HOOKSETT, NEW HAMPSHIRE — I started noticing it in the beginning of November. I have no idea why, but the gun stores up here in New Hampshire were always completely packed. My suspicions seemed to mirror recent reports showing that gun background checks are soaring and thus, imaginably, gun sales — though there’s an error in that detail I’ll get to later.
When I first moved back up to New Hampshire in 2014, I remember driving by the local gun shops and there were always some cars parked in the parking lot, a steady stream of customers coming in and out. But this is the first I remember where bulk ammunition is constantly being bought up as fast as it hits the pallets. Men and women, some of whom may have just toyed with the idea of owning and carrying a firearm, are going in and purchasing their first gun. Sig Sauer lives right down the street in Exeter and it didn’t take long once business picked up for them to install a HUGE pistol and rifle display inside one already cramped gun shop up here.
Sales are definitely moving at a level I haven’t seen since around the Sandy Hook shootings.
It’s clear: people are afraid. People who may have only toyed around with owning a gun are going and getting equipped, long-time gun owners are looking at acquiring their fourth or fifth (or sometimes seventh or eighth) firearm for a growing arsenal.
On the surface — you’d think that’d be a good thing. And in one way, it is. I legitimately want American citizens who have the lawful right to carry to do so. And that opinion isn’t just echoed by one lowly gun writer but by a plethora of law enforcement officials and others.
Here’s my beef — quality over quantity. As a gun owner, I started off with old military surplus. I did a feature article on the Astra A-100 which I picked up for $300 and damn near goes toe-to-toe with an $1100 Sig Sauer P229. My Mosin-Nagant hits and over-penetrates targets at 350 yards. The pump shotgun I’ve owned for 12 years has withstood the test of time and it was made in China back in the 1980s.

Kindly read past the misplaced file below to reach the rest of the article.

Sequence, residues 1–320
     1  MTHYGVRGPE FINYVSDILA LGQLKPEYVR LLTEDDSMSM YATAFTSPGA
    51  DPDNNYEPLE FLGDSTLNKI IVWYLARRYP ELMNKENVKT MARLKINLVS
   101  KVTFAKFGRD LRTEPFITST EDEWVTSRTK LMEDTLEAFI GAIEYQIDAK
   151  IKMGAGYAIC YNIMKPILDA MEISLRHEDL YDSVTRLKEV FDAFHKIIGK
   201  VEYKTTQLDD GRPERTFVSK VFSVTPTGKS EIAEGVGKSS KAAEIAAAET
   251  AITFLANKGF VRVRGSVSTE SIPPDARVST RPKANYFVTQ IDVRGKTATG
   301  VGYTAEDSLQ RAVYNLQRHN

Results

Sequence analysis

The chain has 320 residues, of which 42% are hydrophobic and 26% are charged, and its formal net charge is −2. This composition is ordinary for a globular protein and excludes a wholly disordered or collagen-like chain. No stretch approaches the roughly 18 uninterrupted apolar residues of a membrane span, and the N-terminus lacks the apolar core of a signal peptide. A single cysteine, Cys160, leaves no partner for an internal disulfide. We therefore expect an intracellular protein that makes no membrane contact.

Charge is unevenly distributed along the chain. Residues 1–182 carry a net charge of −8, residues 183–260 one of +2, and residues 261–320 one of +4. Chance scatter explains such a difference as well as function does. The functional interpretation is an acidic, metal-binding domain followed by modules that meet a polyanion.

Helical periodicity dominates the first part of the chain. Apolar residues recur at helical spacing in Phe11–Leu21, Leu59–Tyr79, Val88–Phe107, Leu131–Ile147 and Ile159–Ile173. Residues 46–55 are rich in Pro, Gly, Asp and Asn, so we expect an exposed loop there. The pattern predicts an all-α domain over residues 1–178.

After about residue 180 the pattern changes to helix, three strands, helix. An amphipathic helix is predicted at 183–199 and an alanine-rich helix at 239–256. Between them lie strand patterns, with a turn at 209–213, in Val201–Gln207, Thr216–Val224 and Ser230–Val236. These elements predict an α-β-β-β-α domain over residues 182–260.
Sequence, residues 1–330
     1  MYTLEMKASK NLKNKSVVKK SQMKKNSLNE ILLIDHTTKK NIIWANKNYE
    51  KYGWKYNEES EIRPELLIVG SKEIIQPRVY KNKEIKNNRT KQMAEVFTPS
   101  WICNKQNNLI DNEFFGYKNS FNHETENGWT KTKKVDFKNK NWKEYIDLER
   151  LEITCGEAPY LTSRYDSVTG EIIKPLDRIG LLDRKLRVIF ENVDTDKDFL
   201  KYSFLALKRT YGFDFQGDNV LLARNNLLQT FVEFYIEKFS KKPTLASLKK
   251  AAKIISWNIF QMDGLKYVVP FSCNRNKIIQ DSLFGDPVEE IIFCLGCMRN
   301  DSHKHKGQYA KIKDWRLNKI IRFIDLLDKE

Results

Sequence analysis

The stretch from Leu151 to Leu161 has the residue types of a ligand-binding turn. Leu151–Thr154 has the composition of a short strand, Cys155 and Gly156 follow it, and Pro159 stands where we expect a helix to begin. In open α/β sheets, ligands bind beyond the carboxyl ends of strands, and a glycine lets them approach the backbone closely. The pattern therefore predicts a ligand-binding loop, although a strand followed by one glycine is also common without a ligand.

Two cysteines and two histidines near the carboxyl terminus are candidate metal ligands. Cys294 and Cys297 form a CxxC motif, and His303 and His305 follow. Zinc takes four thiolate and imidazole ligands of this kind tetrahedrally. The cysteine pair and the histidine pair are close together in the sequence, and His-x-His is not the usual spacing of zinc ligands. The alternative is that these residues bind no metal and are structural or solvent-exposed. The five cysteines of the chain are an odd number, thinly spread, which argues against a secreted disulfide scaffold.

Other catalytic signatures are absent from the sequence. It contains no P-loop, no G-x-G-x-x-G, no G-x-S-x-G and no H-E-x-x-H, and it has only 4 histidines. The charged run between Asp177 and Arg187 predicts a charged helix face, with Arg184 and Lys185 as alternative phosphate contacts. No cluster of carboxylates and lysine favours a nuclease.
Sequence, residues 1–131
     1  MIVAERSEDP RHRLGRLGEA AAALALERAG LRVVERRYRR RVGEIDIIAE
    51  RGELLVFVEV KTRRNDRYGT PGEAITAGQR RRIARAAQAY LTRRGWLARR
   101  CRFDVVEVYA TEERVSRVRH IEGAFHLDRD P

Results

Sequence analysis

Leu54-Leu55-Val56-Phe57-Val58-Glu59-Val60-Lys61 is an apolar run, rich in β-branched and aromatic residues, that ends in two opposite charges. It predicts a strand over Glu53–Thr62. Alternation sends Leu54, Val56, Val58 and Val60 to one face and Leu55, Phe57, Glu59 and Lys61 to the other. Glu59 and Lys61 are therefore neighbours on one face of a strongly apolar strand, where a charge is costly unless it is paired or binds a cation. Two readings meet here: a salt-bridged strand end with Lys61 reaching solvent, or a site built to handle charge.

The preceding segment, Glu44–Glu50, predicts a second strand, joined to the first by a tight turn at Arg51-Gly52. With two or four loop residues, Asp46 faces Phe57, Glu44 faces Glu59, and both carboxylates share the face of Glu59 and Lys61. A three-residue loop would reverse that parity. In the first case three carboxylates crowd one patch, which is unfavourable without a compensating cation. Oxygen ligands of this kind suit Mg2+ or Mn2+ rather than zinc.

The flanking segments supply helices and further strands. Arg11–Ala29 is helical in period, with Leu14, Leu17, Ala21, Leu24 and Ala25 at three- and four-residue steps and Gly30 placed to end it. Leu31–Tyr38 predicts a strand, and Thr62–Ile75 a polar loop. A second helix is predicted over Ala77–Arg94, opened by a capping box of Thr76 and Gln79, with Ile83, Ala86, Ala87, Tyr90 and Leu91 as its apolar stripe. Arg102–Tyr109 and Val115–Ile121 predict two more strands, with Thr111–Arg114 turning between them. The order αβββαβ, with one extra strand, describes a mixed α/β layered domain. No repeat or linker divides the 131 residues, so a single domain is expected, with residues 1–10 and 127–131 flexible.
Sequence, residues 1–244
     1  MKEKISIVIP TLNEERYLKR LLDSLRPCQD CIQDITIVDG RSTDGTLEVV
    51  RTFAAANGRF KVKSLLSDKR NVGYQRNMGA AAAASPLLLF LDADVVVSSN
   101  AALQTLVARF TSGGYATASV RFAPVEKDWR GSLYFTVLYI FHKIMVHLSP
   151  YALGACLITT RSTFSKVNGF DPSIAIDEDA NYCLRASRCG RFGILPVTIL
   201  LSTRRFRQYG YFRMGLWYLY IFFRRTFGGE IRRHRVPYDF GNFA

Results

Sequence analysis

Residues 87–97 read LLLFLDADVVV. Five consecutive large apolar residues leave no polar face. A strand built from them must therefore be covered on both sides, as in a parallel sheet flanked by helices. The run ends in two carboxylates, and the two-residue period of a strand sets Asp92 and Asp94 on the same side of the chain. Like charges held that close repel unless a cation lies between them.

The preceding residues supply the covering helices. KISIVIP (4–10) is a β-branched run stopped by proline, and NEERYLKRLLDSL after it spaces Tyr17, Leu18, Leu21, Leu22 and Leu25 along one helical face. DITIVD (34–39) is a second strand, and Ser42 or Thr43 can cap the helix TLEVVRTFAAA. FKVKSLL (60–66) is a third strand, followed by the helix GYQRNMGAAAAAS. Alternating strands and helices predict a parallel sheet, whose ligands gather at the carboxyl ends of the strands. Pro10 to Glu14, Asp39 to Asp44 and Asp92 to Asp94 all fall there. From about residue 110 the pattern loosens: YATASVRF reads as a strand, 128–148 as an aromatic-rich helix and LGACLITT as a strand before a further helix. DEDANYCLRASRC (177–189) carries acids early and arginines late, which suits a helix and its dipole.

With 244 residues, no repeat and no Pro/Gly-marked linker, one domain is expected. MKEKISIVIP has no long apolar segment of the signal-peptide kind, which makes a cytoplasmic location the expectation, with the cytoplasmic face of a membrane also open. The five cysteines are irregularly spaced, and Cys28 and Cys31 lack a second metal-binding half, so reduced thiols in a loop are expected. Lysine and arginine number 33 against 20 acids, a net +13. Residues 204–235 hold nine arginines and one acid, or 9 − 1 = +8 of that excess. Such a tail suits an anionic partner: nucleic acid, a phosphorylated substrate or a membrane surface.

Why? Because the quality of the materials used to produce those firearms, alongside with the simplicity of the engineering, produced guns that can last my natural-born life.
In the rush to make sure guns, ammo, and cleaning gear are all stacked up and ready to go, people (and *cough* *cough* some unnamed manufacturers) are inevitably cutting corners.
Here’s my unpopular opinion (and please do give me hell in the comments section below): it’s better to have a gun that will serve my purposes for the rest of my natural-lived life than it is to buy five or six nice, shiny new ones with a bunch of marketing BS attached to them.
Do Tricon Night Sights come in handy? You bet. Laser sights and illumination? Yes, sir. Grips that hold tight? Yeppers.
Do you need ten guns that all do the same thing and have plastic parts that will likely need to be replaced after the first 10,000 rounds or barrels made out of inferior quality of steel that’s prone to degradation, rust, and getting bored out? Personal opinion — nope.
When I’m looking to purchase a gun, I look at a number of factors:
- If this was the last gun I ever owned, would it hold up to everything I’d need it to do?
- And if that, how hard would it be to mill or repair critical pieces that can degrade over time?
There needs to be a clear delineation between marketing and effectiveness. If you want to own twenty or thirty guns, that’s your right as an American citizen and I support that right. However, for those who are conscious of their budget and are getting into the gun market for the first time — quality over quantity is always the safest bet.
- If you put 500 rounds through your handgun and you see the metal starting to degrade, that gun isn’t going to last.
- If your gun is mostly made out of plastic except for a steel barrel and some bits of metal, that gun isn’t going to make it.
- If you notice the striker on your pistol starts to bend or warp in any way after the first 1,000 rounds — you get the picture.
Manufacturers are hot to trot to jump on the gun bandwagon and who can blame them? However, in the fight to produce a cheaper gun with more bells and whistles, we as the consumer will have to understand that there are going to be obvious corners cut in that gun’s functionality.
So, if you’re one of those guys or gals showing up to the gun shop for the first time and getting ‘oooh’ed and ‘aaahhhh’ed about how pretty all those firearms look, take a moment to evaluate a certain reality when it comes to purchasing a firearm. Pretty doesn’t protect.
This is an opinion piece submitted by contributing editor James England. The views of this op-ed do not necessarily reflect the ideas or philosophy of Concealed Nation or any of its affiliates.